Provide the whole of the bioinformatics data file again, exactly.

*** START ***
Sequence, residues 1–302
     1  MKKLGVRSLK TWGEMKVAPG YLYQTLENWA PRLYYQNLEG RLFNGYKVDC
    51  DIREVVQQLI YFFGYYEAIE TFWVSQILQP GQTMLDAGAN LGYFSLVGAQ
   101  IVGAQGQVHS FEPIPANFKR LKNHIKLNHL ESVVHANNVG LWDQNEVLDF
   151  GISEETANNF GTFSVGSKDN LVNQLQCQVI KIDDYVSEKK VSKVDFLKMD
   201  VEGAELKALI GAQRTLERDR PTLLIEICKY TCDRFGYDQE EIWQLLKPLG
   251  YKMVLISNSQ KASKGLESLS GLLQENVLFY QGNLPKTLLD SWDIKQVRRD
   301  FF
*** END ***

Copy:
Sequence, residues 1–302
     1  MKKLGVRSLK TWGEMKVAPG YLYQTLENWA PRLYYQNLEG RLFNGYKVDC
    51  DIREVVQQLI YFFGYYEAIE TFWVSQILQP GQTMLDAGAN LGYFSLVGAQ
   101  IVGAQGQVHS FEPIPANFKR LKNHIKLNHL ESVVHANNVG LWDQNEVLDF
   151  GISEETANNF GTFSVGSKDN LVNQLQCQVI KIDDYVSEKK VSKVDFLKMD
   201  VEGAELKALI GAQRTLERDR PTLLIEICKY TCDRFGYDQE EIWQLLKPLG
   251  YKMVLISNSQ KASKGLESLS GLLQENVLFY QGNLPKTLLD SWDIKQVRRD
   301  FF